Thursday, June 4, 2009

June 3. Patrick Lawrence. On the first page of the journal I wrote, "our group of intrepid explorers depart on our epic 18 day expedition tomorrow, May 16. All of us know what we are about to do on this voyage, but noone knows if the trip will run smoothly."

I meant it to be silly when I wrote it, but some of our participants were silly and some of our ordeals were ridiculous, so this picture, written in jest, works surprisingly well. Who knew? As I sit in the van contemplating the trip and physically struggling to write as each bump is exaggerated by the old suspension and added weight of the trailer. I can't help but smile and compare it to our trip. Every long expedition is exactly like this. You are given a set of goals and a ration, and you have to do the best with what you have. The fact that all of us cite the "night of 1000 campsites" the most physically battering of all nights is one of the best affirmations that the Catawba has a multitude of multifaceted problems that no one person or group of thirteen can ever solve, we try anyway, supports that too. We truly laugh in the face of adversity and encourage others to do the same. We were dealt an interesting breed, and we all played it well.

We are nearly back now, and our job is about to begin again. Eighteen days of research on the Catawba, so we can save it for everyone who uses it and depends on it. We can save it just by the fact that it exists and is so beautiful and is forever in our memories. Eighteen days of diligence, friendship and love for this glorious river.

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June 2. Jenny Baxter. We paddled six miiles today. It was our second shortest day,, and it seemed like an abrupt end.

We got up early in hopes of beating the tide, and we did. The water felt so different. Until now, any wave we experienced was due to a passing jet ski or motor boat. But today the swells came from something much greater and more unpredictable. The look of the water was also drastically different. The water was black and brackish. Paddling on the harbor is wild! Tuesday morning traffic was thankfully pretty slow. We got to paddle right up to an aircraft carrier and also see a dolphin break the surface for a breath.

Robert led the way to Fort Moultrie. He had us line up parallel to shore and paddle in. I dug in hard,, wanting to make my last drive count, and let out a deep breath as the nose of my boat met the shore. Hon Bob had drawn a finish line into the sand, and Patrick pumped his fists as he drug his boat across it.

We got off the water at a record 9:40 a.m. The rest of the day was almost like vacation. Many of us spent the afternooon at James Island County Park's Splash Zone. I spent more than an hour on the lazy river, and now I have a rosie tummy.

We then all went to clean up for the Low Country Boil, and I got a thorough shower in. Some alumni, faculty, and staff from the college were there: Cameron Austin, Davis Whitfield, James Davison, Susan Stromberg, Wendy Jones and Amie Schiedegger. I even met a nice couple from Franklin, TN. It was a great end to the day.

The whole day seemed almost surreal. The feeling of the end has yet to really hit me. It just seems like yesterday we were loading our boats for the first time and wondering how in the world we were going to fit all our stuff into them. Then, I was paddling with people I barely knew on a river I knew even less about. Both of those facts have changed, and I, too, have changed. The personal change was inevitable.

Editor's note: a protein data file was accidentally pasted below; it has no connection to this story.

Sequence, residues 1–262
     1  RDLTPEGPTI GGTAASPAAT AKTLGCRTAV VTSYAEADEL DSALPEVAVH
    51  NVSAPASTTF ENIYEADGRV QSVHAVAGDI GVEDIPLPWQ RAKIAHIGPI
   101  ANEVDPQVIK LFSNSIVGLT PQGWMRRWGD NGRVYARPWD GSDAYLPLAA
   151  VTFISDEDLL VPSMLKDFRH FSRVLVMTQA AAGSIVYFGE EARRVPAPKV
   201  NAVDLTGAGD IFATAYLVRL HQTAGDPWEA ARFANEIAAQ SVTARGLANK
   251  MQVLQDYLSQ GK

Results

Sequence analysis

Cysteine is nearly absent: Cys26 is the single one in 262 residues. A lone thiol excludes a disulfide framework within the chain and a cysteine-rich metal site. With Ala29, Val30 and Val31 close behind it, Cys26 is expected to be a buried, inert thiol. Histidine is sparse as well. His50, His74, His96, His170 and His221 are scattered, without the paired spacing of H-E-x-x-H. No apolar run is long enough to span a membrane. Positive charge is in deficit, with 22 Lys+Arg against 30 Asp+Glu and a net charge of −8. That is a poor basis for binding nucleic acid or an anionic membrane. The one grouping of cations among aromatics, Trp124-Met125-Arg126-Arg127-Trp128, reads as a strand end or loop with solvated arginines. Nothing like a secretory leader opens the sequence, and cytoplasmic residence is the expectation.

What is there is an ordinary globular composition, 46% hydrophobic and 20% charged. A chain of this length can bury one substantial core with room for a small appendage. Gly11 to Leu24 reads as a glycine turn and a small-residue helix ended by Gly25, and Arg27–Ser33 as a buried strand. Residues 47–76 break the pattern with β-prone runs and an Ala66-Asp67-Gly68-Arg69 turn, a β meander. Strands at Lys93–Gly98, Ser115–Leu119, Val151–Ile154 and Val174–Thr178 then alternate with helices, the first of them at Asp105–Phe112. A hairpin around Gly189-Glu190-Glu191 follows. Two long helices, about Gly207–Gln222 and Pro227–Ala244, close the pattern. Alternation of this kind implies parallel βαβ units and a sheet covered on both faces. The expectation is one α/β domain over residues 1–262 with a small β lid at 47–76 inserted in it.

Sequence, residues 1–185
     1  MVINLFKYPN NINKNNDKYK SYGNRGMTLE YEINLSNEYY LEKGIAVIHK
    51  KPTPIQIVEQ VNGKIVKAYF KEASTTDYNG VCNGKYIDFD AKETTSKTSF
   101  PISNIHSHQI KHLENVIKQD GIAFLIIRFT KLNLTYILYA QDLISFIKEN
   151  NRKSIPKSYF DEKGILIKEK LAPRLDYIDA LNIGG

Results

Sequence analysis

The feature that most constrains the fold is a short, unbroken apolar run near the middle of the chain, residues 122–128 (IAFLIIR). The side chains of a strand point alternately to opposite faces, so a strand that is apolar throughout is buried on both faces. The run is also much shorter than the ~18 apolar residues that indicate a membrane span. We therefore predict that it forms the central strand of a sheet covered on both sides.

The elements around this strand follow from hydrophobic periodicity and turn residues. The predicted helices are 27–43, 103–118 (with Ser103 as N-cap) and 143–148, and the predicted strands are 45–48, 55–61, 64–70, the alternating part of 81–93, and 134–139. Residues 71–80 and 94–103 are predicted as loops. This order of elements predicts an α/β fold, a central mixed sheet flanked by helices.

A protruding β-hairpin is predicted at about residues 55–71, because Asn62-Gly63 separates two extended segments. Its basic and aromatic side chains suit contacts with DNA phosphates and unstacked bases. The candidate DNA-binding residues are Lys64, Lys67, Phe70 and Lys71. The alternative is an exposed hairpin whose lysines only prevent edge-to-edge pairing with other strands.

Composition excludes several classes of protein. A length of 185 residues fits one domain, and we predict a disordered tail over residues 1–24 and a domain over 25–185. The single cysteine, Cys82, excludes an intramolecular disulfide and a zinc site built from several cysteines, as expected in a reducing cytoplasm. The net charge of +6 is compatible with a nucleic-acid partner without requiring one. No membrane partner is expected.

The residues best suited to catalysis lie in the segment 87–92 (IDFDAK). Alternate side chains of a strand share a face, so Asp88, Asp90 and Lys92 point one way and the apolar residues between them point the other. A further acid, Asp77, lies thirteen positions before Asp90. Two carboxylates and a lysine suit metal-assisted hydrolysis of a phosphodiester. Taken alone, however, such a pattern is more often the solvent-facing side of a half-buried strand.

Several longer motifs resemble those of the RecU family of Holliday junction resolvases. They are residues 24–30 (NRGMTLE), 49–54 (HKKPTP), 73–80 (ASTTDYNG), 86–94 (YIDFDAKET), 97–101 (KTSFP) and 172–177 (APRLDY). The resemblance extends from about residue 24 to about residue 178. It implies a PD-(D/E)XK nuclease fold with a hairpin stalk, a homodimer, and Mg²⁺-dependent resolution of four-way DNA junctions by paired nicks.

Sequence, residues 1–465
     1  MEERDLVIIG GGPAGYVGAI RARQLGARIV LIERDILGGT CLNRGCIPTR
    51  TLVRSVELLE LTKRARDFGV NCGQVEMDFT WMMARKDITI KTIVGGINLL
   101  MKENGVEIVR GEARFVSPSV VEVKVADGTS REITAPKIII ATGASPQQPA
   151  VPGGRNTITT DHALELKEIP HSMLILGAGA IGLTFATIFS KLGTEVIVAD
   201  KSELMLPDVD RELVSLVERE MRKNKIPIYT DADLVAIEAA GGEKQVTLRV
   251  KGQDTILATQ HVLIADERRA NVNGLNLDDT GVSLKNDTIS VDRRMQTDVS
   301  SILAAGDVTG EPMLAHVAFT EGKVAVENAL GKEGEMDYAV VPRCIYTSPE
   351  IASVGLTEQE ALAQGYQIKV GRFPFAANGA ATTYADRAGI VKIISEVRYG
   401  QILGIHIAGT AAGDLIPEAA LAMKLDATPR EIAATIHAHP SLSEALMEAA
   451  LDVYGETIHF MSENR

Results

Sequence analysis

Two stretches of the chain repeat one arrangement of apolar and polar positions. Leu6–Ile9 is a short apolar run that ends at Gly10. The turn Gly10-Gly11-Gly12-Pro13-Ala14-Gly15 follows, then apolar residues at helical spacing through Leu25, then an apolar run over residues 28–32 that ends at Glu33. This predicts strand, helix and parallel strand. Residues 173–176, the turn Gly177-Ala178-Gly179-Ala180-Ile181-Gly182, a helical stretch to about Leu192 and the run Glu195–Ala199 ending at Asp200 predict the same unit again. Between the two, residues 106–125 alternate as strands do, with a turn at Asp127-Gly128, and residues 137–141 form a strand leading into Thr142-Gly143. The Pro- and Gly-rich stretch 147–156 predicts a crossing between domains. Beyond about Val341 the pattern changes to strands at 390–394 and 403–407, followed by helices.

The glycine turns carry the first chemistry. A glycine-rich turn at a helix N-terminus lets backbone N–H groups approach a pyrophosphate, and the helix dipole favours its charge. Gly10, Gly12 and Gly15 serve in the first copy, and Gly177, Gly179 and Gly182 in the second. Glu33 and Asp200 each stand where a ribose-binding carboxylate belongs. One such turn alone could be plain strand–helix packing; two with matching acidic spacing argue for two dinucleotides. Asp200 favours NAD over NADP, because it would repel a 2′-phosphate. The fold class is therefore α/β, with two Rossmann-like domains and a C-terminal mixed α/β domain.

Tomorrow we will drive four and a half hours back to our place of origin. A trip that took us eighteen days to paddle. The time, however, is not what matters. Being on the river and having the opportunity to actually see the river. Not just glimpse and say "Aw, isnt that neat!", but to see it and know it personally. That is just one of the gifts of this trip.

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Tuesday, June 2, 2009

June 1. Dean Mobley. We started the day as early as possible. We woke up at 6:00 and disembarked the ranger station that let us stay the night, were on the road at 7:00, and in our kayaks at 8:00 on the Strawberry Landing where we stopped the day before.

We proceeded across the Cooper River to a canal that took us to Chickin Creek. Several large gators made an appearance for us along the way. Chickin Creek led us to the back river where we disembarked at the Bushy Creek Boat Ramp. All in all, we paddled about 10 miles, not a hard day, but a fulfilling one. We then went to our campsite on James Island and got there about 1:00 p.m. We had some free time before we had our final class. Nine of us went to Folly Beach and swam in the ocean while the others stayed in camp and took advantage of the facilities, including a water park. I couldn't resist the urge to swim at the beach my family and I used to visit forty years ago. My first memories as a child were on this very beach so long ago. We're all excited about our last day on the river and can't wait to get back to our normal lives, but we will carry this memory with us for the rest of our lives.

"From the Mountains to the Sea", yep, it's one of my favorite songs by U2, and its the name of one of my favorite trails in Pisgah National Forest, and that's what we've done, come to places I've lived in the past. I thought the only connection to them was my family and myself, but it turns out that the water that sustains us has a direct trail that connects it all.

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Monday, June 1, 2009